Written by Barry Reed
Directed & Designed by Michael Lunney
Adaptation by Margaret May Hobbs
A legal drama can be a viscerally intense piece of theatre. We adore mystery, and the courtroom thriller has long been a continually popular narrative. Adapted from the 1982 Academy Award-nominated film, and based on Barry Reed’s novel of the same name, The Verdict centres around an attempt by attorney-at-law Frank Galvin (Ian Kelsey) to bring a case of medical malpractice against a church-funded hospital.
Set in two halves – one as Galvin and mentor Moe Katz (Denis Lill) gather evidence amidst pub visits, the other in the courtroom itself – it has the potential to be calculating and captivating. It only partially succeeds.
Tackling elements such as medical negligence and vegetative patient states, while using extensive legal jargon, humour is the tool that keeps an audience from turning. When utilised correctly, it can have positive effects, even heightening the painful emotions. When executed poorly it can be distasteful, and the audience will laugh, quite a lot… which feels dangerously uncouth for this production.
Kelsey is at his finest when riding on tension, explosions of frustration and direct confrontation. As we come to know the character of Galvin, there is much to uncover, but his history is only hinted at, drawn out for an emotional closing argument. Evidently, the gruff, mysterious, merely flawed human attorney is a reliable trope.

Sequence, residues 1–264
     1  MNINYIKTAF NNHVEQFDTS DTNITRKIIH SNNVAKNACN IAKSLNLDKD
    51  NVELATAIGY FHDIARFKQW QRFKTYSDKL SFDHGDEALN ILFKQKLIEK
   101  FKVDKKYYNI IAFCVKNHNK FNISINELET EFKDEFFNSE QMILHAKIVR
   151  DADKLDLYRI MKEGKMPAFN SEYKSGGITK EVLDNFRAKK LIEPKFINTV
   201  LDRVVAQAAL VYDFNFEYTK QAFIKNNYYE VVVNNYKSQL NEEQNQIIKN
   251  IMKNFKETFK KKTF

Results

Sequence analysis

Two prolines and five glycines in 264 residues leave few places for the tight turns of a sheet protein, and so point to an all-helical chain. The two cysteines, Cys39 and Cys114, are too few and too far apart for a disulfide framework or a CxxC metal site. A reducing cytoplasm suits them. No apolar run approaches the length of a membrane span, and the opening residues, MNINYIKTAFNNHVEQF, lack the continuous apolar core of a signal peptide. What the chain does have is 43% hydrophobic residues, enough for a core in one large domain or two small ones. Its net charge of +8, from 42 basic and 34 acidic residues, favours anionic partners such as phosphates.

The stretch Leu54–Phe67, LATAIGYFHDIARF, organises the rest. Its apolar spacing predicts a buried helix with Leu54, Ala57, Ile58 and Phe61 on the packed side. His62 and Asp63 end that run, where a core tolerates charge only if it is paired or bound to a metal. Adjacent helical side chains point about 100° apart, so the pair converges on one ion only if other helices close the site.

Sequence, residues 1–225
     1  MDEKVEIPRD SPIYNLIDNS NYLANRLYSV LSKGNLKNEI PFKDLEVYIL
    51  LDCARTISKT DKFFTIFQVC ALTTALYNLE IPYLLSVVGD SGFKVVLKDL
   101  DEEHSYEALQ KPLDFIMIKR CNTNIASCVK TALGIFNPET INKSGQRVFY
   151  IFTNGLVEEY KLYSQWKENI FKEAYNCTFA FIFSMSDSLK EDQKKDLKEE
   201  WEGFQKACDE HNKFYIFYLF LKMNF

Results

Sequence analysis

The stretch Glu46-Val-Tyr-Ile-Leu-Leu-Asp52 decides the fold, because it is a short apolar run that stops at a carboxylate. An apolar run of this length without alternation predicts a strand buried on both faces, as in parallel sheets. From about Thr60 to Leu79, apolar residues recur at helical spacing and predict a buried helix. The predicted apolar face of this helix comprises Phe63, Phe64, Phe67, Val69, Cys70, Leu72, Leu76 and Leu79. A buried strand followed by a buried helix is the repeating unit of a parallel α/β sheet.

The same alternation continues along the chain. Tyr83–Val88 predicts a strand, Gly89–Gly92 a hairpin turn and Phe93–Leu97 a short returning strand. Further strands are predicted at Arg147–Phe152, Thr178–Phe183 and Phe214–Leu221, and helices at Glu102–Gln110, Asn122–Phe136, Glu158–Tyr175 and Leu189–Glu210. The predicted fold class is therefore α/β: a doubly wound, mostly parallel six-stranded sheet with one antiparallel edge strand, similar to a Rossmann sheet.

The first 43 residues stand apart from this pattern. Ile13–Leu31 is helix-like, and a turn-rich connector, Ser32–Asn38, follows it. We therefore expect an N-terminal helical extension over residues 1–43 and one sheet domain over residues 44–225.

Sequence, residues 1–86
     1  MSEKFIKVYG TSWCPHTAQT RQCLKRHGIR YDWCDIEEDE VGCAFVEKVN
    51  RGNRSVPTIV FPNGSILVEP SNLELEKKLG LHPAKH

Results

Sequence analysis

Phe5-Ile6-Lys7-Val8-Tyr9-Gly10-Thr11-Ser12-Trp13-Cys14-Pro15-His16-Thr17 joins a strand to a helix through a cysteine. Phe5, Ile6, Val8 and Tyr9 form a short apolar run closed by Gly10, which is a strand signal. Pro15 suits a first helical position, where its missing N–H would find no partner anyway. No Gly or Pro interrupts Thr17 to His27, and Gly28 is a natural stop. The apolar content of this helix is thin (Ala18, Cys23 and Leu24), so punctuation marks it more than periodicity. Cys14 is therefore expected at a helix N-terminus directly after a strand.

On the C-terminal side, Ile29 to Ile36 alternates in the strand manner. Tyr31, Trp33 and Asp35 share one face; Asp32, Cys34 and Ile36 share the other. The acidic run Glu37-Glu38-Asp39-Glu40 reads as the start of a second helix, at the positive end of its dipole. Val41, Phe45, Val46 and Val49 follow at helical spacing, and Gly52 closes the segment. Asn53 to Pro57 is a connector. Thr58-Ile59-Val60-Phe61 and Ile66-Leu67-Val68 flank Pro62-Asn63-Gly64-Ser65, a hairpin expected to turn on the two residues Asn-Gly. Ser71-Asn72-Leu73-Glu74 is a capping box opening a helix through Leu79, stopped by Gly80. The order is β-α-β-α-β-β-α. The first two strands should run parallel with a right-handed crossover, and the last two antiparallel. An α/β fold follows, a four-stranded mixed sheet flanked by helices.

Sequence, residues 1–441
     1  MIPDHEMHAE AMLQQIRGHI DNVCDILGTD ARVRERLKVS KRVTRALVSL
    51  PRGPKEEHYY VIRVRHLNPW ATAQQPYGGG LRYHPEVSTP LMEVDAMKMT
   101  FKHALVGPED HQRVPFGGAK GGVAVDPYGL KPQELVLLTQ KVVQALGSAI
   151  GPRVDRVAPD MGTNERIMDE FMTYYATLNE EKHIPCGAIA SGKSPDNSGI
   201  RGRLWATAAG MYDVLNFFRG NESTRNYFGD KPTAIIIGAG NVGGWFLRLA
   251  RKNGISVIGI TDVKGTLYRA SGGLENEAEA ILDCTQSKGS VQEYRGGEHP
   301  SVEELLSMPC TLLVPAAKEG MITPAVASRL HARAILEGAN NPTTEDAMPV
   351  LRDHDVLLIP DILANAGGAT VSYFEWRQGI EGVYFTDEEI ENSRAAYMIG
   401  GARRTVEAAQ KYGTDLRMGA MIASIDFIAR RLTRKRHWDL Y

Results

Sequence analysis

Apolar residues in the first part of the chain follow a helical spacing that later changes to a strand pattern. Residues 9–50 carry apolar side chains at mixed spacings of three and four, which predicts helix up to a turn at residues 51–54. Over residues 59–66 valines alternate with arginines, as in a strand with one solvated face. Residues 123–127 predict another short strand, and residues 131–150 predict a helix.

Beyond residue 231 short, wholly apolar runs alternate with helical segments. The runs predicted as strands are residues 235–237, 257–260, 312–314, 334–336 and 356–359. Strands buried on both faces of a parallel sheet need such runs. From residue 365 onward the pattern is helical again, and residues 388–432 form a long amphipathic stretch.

Michael Lunney’s design is similar to his direction – capable but overstretching. The offices of the defending counsel are constructed with ‘legion of doom’-style portraits, not even attempting to portray the defendants and hospital as any less than vaudeville villains.
Direction through delivery feels more at home in melodrama. Those in the law profession are often drawn in parallel to actors – they both have a story to tell, with an audience to convince – but this treatment feels a little too close for comfort. Whilst entertaining, it crosses into hammy delivery from most performers, with the audience acting as jurors – too often we are addressed as in a comedy skit, a wink or nudge not too far off.
What The Verdict delivers is a guilty plea of its own worries in estranging an audience. Its attempts to be accommodating by pushing levity into heavy subject matter dampens the intensity. Where there should be gravitas, there are laughs. Where there should be powerful moments, there are more laughs…
Review originally published for The Skinny:
Production touring, tickets available: